We ate breakfast at Dromoland before leaving. I took a picture of the dining room that I had not been willing to take the previous evening.


I saw a grilled kipper on the breakfast menu. I am usually only neutral on seafood, but this was something I'd heard of as a British breakfast dish and not yet tried. And I thought that I could be certain that it was prepared here as well as it might be anywhere, so I could be confident that I was judging it at its best. Well, now I've had a grilled kipper under good conditions, and I can feel confident when I choose something else in the future. It was intensely fishy, and the taste lingered for so long that I could still taste kipper when we landed in the US.


Where I tried for bold experimentation in my breakfast choice, Lori chose something she was confident she would like: lemon ricotta pancakes with raspberry coulis. They were delightful.


From that splendid finale at Dromoland, we plunged directly into mundanity.
Go to the airport. (Just a few miles away from Dromoland.)
Return the rental car and accept the charge for the broken side mirror.
Fly to Heathrow.
Fly to Washington, DC, arriving at midnight body time.
Wait in a series of very long lines for Customs. (They confiscated the Gubbeen salami that we had bought as a souvenir for Lori's father.)
Fly to Pittsburgh, arriving at 5am body time. (I am so glad that Paul was able to pick us up; I was definitely out of it after the long day of travel.)
brisketboy
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Re:Ralph and Lori go to London and Ireland 2014/08/01 11:41:56 (permalink)
All in all it looks as if you had a wonderful time. I too loathe the return travel and the toll it takes on ones body. But again this has to be one of the best series of trip reports I have seen on this website.
leethebard
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Re:Ralph and Lori go to London and Ireland 2014/08/01 11:59:16 (permalink)
I'm going to miss the further adventures....thanks so much for sharing the beauty and food of the gorgeous Emerald Isle!
Ralph Melton
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Re:Ralph and Lori go to London and Ireland 2014/08/01 12:46:37 (permalink)
Thank you so much for your kind words. I am very glad you have enjoyed it.
will_work_4_bbq
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Re:Ralph and Lori go to London and Ireland 2014/08/01 13:21:36 (permalink)
I am going to miss my daily adventure with Ralph and Lori!
CajunKing
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Re:Ralph and Lori go to London and Ireland 2014/08/01 13:27:32 (permalink)
Ralph and Lori
 
An excellent adventure thank you for taking us along and the wonderful recap.  I look forward to this coming spring and my hopeful return to Ireland.  You pictures have inspired my thoughts of where to visit and what to do and eat.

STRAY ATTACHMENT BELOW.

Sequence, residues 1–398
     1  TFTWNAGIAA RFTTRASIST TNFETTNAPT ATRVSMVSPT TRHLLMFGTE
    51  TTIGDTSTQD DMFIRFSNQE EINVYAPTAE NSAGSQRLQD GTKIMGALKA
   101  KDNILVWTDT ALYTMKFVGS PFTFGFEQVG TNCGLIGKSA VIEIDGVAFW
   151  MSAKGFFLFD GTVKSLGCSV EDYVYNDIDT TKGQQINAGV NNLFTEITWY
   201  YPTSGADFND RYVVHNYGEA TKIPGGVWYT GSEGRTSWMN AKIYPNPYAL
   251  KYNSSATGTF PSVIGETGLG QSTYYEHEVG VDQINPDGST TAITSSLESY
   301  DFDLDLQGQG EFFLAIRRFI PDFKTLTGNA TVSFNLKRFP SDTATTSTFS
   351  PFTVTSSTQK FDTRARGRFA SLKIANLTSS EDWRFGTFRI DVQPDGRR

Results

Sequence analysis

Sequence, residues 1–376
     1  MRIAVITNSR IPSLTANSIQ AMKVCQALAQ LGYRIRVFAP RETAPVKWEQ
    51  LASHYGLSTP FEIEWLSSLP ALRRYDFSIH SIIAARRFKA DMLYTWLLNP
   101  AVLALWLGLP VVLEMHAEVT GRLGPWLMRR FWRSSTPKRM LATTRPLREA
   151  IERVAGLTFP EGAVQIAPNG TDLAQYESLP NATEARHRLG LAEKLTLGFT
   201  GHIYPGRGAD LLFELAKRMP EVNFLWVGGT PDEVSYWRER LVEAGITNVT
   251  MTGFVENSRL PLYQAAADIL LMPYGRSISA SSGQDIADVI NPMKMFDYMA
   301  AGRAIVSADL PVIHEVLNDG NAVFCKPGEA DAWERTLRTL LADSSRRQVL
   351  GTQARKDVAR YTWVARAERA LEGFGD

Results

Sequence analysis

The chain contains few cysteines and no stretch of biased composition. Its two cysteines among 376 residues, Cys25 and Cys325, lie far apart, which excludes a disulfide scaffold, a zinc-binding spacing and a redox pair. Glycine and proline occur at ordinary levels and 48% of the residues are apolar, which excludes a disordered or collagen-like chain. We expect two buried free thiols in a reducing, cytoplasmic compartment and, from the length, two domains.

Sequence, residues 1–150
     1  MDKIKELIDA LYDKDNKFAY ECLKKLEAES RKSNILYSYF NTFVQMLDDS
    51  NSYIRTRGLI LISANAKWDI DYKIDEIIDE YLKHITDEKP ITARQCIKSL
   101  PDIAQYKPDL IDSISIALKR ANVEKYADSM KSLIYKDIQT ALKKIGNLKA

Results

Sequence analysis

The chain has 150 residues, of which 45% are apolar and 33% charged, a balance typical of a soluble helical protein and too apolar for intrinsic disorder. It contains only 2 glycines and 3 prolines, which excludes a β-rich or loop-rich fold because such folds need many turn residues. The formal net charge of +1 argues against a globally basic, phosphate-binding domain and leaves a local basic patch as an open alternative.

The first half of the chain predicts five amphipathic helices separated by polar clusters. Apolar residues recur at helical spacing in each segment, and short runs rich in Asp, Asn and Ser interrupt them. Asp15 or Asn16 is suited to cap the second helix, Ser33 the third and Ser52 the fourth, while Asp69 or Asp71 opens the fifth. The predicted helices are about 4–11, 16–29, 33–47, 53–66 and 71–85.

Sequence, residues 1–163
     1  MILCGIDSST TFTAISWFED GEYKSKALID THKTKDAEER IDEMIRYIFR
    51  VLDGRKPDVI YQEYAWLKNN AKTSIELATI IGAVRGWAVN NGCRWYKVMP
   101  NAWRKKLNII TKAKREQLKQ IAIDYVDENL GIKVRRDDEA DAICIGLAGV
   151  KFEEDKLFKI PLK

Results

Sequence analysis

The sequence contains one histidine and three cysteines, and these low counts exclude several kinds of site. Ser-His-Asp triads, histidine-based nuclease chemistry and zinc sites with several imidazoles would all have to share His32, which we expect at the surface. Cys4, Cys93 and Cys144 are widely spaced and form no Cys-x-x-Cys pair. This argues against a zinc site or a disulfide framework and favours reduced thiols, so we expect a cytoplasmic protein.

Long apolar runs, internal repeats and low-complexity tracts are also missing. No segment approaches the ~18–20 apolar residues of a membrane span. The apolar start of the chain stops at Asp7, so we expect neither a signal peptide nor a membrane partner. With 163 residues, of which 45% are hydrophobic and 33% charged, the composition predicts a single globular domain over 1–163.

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Re:Ralph and Lori go to London and Ireland 2014/08/01 19:03:42 (permalink)
Interesting comment on Galway. When we went "on holiday" from the UK in the early 90's it was also our biggest disappointment.  I made the mistake of booking us into some overpriced place because of its location, but it turned out to be nothing more than a huge single or two level US motel type place ( and a B- one at that). Maybe by now Butlins has reclaimed it for their own (no, was not part of that concentration camp) Dinner there was insipid, service awful. I was sorry it came near the end of an otherwise memorable trip. (I should note that is was well outside the city...about 25 miles along the coast, but we thought the children would like the seaside location)
 
But the Cliffs at Moher the next day made up for it and a nice ending before we heading back for the UK Ferry beyond Dublin, eating in a very small 2nd flr walk-up Chinese restaurant that was one of the best Chinese meals I've ever had..on many continents. Who knew?
 Chinese..............in Ireland!
post edited by FriedClamFanatic - 2014/08/01 19:22:32
Ralph Melton
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Re:Ralph and Lori go to London and Ireland 2014/08/02 00:04:19 (permalink)
Hm, your experience of Galway was much worse than ours; for us, Galway was a great town and gave us two of our best meals. 
Foodbme
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Re:Ralph and Lori go to London and Ireland 2014/08/02 02:41:43 (permalink)
Ralph & Lori,
I've been on here 8 years and have read most all the great trip reports on here and yours ranks as the BEST one I've ever read.
It was like I was going down the wrong side of the road with Yinz!
Well crafted, great pictures, and a nice adventure! 
drummagick
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Re:Ralph and Lori go to London and Ireland 2014/08/02 22:42:48 (permalink)
Incredible thread.  This one and the one about Iceland are my all time favorites!!
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Re:Ralph and Lori go to London and Ireland 2014/08/03 10:29:03 (permalink)
Ralph, I have read your thread from beginning to the end and it sounds like Lori scored the best and you took the most adventurous food.  I would have done the same.  Great thread and wonderful pics.
 
Paul E. Smith
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lleechef